# Game of Blackjack - Probability of Getting 21

March 31st, 2009 - 8:02am PSTMany people head to Las Vegas or Atlantic City in search of their big score. Furthermore, many amateur bettors and gamblers choose to play blackjack because of the simple nature of the game. People often make decisions at the blackjack table solely based upon "feel" or whether or not they think the card they need is going to come. This strategy, however, will never yield long term success in blackjack.

Another way to play the game is through a more analytic mind. That is, there is a clear way to play blackjack based upon the mathematical principles involved. One of the statistics that seems to be often wondered about is the actual probability of getting a blackjack. Calculating the probability of one card is fairly simple. However, when we begin to calculate the probability of two cards, it can get more complex.

The first thing that needs to be calculated is the probability of drawing 1 card that is worth a 10 in blackjack. In one deck there are 16 cards that will yield a 10 (4 10's, 4 jacks, 4 queens, 4 kings). The next step is calculating the probability of drawing a card that is worth 11. There are 4 Aces in a deck of 52 cards that are worth 11.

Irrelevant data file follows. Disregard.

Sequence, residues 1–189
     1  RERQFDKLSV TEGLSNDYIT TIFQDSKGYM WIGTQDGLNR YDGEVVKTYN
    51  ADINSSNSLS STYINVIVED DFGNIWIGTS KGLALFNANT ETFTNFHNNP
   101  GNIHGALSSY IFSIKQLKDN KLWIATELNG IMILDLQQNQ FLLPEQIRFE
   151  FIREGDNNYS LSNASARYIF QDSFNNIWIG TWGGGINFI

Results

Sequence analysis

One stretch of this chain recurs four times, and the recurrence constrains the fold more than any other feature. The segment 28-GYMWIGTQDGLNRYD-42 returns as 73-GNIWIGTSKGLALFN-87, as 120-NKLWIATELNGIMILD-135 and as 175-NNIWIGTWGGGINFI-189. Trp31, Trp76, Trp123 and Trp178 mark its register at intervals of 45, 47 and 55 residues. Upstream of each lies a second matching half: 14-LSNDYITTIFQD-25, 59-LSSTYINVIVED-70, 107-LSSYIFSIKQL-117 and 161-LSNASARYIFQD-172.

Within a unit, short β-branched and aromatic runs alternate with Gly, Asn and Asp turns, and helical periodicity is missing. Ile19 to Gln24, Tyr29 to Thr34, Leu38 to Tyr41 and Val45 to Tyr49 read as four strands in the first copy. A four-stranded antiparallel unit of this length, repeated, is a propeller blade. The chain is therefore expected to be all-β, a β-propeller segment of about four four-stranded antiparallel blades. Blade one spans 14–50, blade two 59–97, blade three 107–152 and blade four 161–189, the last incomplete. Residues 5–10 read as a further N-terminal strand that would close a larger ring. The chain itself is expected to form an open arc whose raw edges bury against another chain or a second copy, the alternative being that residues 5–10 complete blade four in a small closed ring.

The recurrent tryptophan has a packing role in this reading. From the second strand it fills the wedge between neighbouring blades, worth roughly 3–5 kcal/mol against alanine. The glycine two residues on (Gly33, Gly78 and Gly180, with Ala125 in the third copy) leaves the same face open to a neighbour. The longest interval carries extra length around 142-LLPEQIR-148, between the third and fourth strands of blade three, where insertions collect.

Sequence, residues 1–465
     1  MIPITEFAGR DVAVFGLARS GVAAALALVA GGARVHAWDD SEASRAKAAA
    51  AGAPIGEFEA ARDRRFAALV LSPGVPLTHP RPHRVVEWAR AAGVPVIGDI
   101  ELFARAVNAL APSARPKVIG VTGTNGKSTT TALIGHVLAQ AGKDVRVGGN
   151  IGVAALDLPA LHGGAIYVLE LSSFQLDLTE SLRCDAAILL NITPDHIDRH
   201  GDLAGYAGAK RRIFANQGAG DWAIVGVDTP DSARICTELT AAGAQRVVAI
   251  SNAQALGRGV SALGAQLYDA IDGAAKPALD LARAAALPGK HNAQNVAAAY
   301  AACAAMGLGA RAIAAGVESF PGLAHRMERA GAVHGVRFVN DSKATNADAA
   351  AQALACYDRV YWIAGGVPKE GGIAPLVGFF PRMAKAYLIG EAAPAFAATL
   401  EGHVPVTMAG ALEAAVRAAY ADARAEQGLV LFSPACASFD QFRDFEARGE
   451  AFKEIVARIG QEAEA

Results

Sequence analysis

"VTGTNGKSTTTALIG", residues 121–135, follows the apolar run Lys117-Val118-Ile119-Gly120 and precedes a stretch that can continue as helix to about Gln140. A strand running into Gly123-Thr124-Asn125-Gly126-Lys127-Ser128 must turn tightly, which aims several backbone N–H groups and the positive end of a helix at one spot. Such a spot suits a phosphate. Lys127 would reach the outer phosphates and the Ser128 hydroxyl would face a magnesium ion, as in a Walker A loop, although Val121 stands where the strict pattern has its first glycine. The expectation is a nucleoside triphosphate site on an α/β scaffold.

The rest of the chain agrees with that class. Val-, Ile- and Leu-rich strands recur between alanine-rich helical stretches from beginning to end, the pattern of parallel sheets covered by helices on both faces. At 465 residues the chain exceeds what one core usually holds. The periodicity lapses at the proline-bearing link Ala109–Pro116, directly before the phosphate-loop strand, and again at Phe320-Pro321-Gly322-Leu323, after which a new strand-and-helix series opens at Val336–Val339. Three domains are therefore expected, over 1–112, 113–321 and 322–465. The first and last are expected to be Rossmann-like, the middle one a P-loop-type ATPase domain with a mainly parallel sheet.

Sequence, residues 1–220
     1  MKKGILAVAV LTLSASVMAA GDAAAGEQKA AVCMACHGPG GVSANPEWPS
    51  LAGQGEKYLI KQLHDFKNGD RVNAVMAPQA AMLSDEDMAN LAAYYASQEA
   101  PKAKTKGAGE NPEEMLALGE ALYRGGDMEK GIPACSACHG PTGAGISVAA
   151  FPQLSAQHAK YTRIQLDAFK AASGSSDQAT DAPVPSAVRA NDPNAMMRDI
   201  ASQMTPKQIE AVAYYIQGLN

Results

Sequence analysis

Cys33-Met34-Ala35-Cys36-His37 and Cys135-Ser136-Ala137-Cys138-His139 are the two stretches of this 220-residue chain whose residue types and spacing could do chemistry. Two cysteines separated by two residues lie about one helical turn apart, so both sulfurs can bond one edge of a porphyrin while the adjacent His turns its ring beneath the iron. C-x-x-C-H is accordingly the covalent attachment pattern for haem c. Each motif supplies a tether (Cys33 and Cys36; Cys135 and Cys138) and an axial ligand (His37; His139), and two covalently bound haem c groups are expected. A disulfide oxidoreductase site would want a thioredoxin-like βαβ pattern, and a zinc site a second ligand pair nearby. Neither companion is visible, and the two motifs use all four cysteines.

The easiest way to determine the probability to draw a blackjack, then, is to multiply the simple probabilities. (16/52) * (4/52)= 64/2704 or 2.37%. This answer, of course, is going to be more complicated when you factor in the cards that have already been played. That is, if you are dealt one 10 card to begin, the probability of drawing an ace changes slightly to 4/51, because 1 card has already been played. Further, if there are multiple players at the table, calculating the probability of getting a blackjack is nearly impossible.

Even more complicated is the calculation of blackjack on the initial deal. In this case the probability shrinks to .048%.